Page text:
sing a different tune

Also, sing another tune. See change one's tune.
See also: different, sing, tune

song and dance

An elaborate story or effort to explain and justify something, or to deceive and mislead someone. For example, Do you really believe his song and dance about the alarm not going off, being stopped for speeding, and then the car breaking down? or At every annual meeting the chairman goes through the same song and dance about the company's great future plans . This term originally referred to a vaudeville act featuring song and dance. [Late 1800s]
See also: and, dance, song

swan song

A final accomplishment or performance, one's last work. For example, I'm resigning tomorrow; this project was my swan song. This term alludes to the old belief that swans normally are mute but burst into beautiful song moments before they die. Although the idea is much older, the term was first recorded in English only in 1890.
See also: song, swan

sing a different tune

or

sing a different song

1. If someone sings a different tune or sings a different song, they express an opinion which is the opposite of the opinion that they expressed a short time ago. Only a week ago, Peters was insisting that the minister resign yet suddenly, for no apparent reason, he is singing a different tune. Note: You can also say that someone sings the same tune or sings the same song, meaning that they continue to express the same opinion. The president basically sent the signal that he's going to keep singing the same tune he's been singing.
2. If people sing a different tune or sing a different song, they express different opinions about the same subject. The problem of homelessness is very serious and it doesn't help that two Government departments are singing different songs. Note: You can also say that people sing the same tune or sing the same song, to mean that they express the same opinion about something. The party were at last united, all singing the same tune.
See also: different, sing, tune

sing from the same hymn sheet

or

sing from the same song sheet

BRITISH
If two or more people sing from the same hymn sheet or sing from the same song sheet, they express the same opinions about a subject in public. The important thing is to bring together the departments so that we're all singing from the same hymn sheet. As she and her husband deal with the latest scandal, they can at least be relied on to sing from the same song sheet.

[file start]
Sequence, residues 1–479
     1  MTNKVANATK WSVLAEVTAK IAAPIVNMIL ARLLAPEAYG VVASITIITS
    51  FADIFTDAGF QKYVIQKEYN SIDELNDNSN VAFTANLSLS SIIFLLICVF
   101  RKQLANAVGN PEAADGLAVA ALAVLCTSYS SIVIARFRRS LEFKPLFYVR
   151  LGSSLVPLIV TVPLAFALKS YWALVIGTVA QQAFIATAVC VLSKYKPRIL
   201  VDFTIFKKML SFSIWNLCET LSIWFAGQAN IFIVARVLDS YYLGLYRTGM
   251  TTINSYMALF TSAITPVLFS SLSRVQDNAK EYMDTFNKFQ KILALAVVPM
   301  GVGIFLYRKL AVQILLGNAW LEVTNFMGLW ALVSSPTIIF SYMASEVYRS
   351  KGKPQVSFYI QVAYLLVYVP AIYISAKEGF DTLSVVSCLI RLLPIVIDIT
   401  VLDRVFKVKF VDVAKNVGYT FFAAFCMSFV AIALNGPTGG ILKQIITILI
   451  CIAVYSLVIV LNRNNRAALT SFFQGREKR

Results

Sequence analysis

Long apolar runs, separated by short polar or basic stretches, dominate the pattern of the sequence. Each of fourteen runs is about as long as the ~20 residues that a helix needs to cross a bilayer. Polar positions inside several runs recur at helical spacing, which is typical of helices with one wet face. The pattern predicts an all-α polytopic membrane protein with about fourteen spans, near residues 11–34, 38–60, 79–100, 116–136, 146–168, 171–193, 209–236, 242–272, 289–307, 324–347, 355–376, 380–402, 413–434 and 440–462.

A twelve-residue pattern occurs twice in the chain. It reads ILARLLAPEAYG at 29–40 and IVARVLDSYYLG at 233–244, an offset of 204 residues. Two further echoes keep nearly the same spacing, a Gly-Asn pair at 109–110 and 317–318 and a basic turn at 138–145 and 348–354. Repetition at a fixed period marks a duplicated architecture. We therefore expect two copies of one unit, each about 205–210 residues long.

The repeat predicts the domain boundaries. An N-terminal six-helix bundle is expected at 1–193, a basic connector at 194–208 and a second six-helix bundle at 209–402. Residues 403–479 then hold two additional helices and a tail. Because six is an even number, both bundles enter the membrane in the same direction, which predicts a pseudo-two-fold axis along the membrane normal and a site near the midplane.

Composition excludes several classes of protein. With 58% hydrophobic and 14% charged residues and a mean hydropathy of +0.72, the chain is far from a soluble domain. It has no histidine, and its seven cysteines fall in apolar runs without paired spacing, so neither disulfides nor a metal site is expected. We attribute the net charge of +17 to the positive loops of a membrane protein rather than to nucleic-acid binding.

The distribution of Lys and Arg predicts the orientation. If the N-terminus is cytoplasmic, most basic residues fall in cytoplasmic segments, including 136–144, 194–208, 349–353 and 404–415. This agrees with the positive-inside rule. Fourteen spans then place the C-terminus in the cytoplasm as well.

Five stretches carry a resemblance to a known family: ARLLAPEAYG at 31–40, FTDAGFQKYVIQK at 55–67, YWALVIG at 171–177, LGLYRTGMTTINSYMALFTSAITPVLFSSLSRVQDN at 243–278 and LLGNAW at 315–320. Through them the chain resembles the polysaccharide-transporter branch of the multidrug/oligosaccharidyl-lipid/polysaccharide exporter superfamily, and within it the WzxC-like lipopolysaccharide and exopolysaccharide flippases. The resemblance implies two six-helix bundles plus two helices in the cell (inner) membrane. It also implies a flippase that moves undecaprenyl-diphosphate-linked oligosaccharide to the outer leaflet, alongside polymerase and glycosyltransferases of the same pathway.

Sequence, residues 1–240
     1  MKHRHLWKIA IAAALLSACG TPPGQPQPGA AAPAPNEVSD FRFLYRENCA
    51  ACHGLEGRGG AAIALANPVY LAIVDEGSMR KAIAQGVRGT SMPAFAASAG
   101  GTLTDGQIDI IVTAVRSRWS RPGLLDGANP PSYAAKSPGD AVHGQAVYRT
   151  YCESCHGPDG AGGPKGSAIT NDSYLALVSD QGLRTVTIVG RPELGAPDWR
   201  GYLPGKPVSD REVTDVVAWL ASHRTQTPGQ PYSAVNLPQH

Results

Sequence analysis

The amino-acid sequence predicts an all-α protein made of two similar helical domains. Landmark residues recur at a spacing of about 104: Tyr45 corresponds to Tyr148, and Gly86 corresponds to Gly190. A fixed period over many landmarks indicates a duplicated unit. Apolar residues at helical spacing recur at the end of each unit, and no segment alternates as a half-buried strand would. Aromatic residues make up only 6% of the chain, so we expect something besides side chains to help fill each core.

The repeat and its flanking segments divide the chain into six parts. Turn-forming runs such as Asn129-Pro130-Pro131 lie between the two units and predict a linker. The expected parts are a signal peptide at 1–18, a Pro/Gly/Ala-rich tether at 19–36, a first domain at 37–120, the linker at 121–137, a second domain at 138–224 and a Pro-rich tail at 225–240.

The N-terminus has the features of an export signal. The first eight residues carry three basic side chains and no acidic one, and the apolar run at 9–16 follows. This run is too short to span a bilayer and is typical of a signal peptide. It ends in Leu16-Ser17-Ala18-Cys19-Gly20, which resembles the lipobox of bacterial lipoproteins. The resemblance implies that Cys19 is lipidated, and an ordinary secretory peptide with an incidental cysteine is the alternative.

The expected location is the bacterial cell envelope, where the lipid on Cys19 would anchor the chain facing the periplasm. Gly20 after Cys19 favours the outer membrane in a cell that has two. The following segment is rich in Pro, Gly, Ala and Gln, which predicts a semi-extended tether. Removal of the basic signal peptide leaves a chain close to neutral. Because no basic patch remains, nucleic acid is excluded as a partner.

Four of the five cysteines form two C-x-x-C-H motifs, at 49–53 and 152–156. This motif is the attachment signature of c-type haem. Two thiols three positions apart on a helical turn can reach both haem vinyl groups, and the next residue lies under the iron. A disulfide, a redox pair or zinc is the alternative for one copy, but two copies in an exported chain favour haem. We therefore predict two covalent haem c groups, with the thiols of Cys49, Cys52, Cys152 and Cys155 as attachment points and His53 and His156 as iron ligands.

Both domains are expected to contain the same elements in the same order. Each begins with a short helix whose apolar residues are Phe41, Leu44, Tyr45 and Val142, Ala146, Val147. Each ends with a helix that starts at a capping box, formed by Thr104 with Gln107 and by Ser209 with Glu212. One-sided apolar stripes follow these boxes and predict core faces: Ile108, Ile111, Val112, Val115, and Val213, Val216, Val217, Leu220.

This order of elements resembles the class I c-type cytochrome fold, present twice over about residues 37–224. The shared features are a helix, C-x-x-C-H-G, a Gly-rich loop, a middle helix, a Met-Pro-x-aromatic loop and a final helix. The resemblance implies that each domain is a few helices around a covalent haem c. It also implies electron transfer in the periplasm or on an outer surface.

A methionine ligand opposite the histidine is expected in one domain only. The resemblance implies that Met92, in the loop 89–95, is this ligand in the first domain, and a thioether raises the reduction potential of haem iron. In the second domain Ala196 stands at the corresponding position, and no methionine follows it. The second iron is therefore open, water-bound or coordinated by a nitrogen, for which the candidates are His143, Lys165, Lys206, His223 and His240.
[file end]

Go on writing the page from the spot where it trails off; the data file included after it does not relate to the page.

See also: hymn, same, sheet, sing

for a song

COMMON If you buy something for a song, you buy it for very little money. She was wearing a beautiful hat which she'd picked up for a song in Camden Market. She wore a lot of costume jewellery which she bought for a song off second-hand stalls. Note: You can also say that something goes for a song or is sold for a song, meaning that it is sold very cheaply. In the early nineties their shares went for a song. I know of good, solid, stone-built houses which have been sold by councils for a song. Note: This expression may be a reference to printed song sheets, which were very cheap. Alternatively, it may refer to small amounts of money that passers-by give to someone who is singing in the street.
See also: song

make a song and dance about something

mainly BRITISH
If someone makes a song and dance about something, they react in a very anxious, excited, or angry way to something that is not important. They're unhappy about the extra hours they've been asked to work and they're making a real song and dance about it. People have to deal with problems like this every day and they don't go around making a song and dance about it. Note: You can also just talk about a song and dance. They sorted the matter out without any song and dance.
See also: and, dance, make, something, song

on song

BRITISH, JOURNALISM
COMMON If a sports player is on song, they are playing very well. When I was on song, I knew my opponents couldn't stop me. The whole team was on song.
See also: on, song

a swan song

A swan song is the last performance or piece of work that someone does in their career. He had made up his mind that this show was going to be his swan song. Note: This expression developed from a belief that a dying swan sings.
See also: song, swan

sing a different tune (or song)

change your opinion about or attitude towards someone or something.
See also: different, sing, tune

sing from the same hymn (or song) sheet

present a united front in public by not disagreeing with one another. British informal
2000 South China Morning Post We're all singing from the same hymn sheet and there is a real will to clean up the game, though it may take a life ban to restore cricket's credibility.
See also: hymn, same, sheet, sing

siren song (or call)

the appeal of something that is also considered to be harmful or dangerous.
In classical mythology, the Sirens were sea nymphs whose beautiful singing lured sailors to their doom on submerged rocks.